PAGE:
Sometimes simply increasing your intake of animal products like meat, fish, eggs, and dairy is enough to meet your protein needs. However, in some cases this isn’t a viable option. For example, you might have trouble digesting too much meat, or maybe you simply don’t want to eat animal products three times a day.

Unfortunately, plants are much lower in protein, and the protein they do contain is much less bioavailable than animal protein. This means that plant protein sources like hemp and pea are not a great choice.

Whey protein powder is one of the most popular ways to supplement with protein, and can be a great option. Unfortunately, whey tends to cause bloating and discomfort in a significant number of people—especially those with dairy sensitivity.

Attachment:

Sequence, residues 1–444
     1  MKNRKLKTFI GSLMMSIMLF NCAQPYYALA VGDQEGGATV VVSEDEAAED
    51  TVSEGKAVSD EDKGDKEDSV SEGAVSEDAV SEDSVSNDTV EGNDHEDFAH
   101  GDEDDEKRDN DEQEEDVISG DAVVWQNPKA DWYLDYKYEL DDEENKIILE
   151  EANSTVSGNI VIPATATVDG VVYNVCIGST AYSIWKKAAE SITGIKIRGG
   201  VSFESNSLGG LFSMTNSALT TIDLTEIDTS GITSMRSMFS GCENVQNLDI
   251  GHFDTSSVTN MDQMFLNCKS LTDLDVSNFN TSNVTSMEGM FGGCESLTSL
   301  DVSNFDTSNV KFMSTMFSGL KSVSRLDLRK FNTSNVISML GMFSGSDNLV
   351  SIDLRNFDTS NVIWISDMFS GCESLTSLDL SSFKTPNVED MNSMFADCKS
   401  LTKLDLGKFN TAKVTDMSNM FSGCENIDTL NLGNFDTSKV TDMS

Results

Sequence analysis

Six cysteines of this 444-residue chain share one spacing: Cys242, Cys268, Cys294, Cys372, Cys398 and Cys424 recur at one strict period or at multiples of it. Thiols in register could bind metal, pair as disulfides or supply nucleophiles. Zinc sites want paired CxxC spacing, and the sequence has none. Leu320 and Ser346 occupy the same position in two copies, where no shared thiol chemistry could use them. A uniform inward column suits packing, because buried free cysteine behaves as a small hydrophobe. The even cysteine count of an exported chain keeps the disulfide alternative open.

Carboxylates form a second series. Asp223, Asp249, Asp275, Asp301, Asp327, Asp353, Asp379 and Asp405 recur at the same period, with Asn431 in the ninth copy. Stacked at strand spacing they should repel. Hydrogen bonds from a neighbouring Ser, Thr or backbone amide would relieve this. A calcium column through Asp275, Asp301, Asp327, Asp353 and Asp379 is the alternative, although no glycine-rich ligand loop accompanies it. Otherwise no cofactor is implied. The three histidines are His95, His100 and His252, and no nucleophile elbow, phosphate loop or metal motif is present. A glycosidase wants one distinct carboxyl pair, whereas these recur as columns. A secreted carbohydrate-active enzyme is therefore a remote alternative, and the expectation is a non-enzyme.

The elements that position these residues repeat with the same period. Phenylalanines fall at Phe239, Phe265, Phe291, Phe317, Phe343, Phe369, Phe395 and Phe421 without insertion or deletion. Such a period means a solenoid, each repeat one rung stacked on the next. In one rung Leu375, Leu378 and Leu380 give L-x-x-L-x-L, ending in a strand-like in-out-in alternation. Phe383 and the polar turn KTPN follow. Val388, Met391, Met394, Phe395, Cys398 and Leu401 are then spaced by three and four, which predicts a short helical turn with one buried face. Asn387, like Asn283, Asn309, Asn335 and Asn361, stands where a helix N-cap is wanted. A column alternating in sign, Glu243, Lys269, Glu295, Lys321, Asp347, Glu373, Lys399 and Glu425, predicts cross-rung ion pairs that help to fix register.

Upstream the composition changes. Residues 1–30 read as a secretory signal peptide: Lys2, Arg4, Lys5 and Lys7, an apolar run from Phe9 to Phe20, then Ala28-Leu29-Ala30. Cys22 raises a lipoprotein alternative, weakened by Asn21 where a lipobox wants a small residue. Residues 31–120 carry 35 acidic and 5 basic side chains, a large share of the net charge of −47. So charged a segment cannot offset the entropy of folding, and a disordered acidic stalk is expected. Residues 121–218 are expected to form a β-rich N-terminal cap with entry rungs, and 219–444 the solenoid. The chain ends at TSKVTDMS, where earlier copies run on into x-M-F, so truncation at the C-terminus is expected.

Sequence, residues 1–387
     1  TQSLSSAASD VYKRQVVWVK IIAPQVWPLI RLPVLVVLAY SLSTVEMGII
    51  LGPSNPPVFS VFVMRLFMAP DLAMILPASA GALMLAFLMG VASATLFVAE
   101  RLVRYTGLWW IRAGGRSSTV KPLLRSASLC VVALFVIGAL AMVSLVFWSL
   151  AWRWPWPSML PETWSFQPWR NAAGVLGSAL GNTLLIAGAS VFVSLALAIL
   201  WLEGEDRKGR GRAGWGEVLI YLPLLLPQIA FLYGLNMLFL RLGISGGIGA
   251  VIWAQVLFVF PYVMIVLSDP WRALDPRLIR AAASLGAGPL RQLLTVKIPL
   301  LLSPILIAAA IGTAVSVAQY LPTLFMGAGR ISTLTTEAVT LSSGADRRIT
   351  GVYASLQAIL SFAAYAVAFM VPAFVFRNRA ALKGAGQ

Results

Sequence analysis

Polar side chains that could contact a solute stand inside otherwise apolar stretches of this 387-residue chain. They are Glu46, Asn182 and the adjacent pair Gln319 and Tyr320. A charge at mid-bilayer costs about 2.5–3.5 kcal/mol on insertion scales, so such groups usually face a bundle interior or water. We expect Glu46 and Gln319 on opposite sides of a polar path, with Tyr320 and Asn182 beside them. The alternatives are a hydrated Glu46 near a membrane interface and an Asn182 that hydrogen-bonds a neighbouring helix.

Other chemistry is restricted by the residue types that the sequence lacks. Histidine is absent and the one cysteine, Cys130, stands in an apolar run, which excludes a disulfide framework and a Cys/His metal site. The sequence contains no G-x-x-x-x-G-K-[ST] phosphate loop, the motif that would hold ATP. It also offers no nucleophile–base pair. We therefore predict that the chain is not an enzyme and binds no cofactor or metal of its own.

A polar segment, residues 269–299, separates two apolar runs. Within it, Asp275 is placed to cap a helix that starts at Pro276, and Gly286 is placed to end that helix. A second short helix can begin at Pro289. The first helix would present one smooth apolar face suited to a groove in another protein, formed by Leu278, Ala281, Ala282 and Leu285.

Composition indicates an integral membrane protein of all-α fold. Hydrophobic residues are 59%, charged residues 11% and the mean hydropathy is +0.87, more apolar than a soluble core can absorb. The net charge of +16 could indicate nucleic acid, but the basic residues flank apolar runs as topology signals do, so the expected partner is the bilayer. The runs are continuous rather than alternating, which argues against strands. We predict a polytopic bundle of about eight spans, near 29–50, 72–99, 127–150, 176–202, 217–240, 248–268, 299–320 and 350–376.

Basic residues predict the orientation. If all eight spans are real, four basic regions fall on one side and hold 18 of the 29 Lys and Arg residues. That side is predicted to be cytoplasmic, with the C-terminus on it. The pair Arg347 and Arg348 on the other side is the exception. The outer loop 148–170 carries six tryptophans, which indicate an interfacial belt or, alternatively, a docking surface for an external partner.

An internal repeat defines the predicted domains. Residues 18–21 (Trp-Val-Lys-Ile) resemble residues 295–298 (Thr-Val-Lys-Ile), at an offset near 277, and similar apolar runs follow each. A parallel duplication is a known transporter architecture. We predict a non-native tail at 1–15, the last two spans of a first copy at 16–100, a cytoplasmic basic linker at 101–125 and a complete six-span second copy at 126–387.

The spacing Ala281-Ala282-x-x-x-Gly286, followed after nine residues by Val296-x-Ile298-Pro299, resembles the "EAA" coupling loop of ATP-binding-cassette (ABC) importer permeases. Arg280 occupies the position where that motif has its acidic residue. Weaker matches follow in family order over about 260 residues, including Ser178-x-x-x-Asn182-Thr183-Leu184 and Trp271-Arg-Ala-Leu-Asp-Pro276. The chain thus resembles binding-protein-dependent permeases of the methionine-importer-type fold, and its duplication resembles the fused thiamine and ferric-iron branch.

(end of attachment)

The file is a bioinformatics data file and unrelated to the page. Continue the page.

The protein powder I recommend to patients, and the one I use myself, is made from hydrolyzed hormone- and antibiotic-free beef. When a protein is hydrolyzed it means it is partially “digested” or broken down, which increases its bioavailability and absorption. In fact, the particular product I use is even more bioavailable than whey protein.

I like the beef powder because it is well-tolerated by most people and can be safely used by those with dairy sensitivities (unlike whey). And in case you’re wondering, it doesn’t taste like beef! It has a pleasant sweet flavor that mixes well with almond milk or fresh vegetable juice.

Those are the basic maintenance supplements that I think are worth considering. As you may have gathered, there are several important considerations when choosing the right product in each case. I’ve provided the criteria above if you’d like to source them yourself. But I know that many of you are busy and don’t have time to do that kind of research.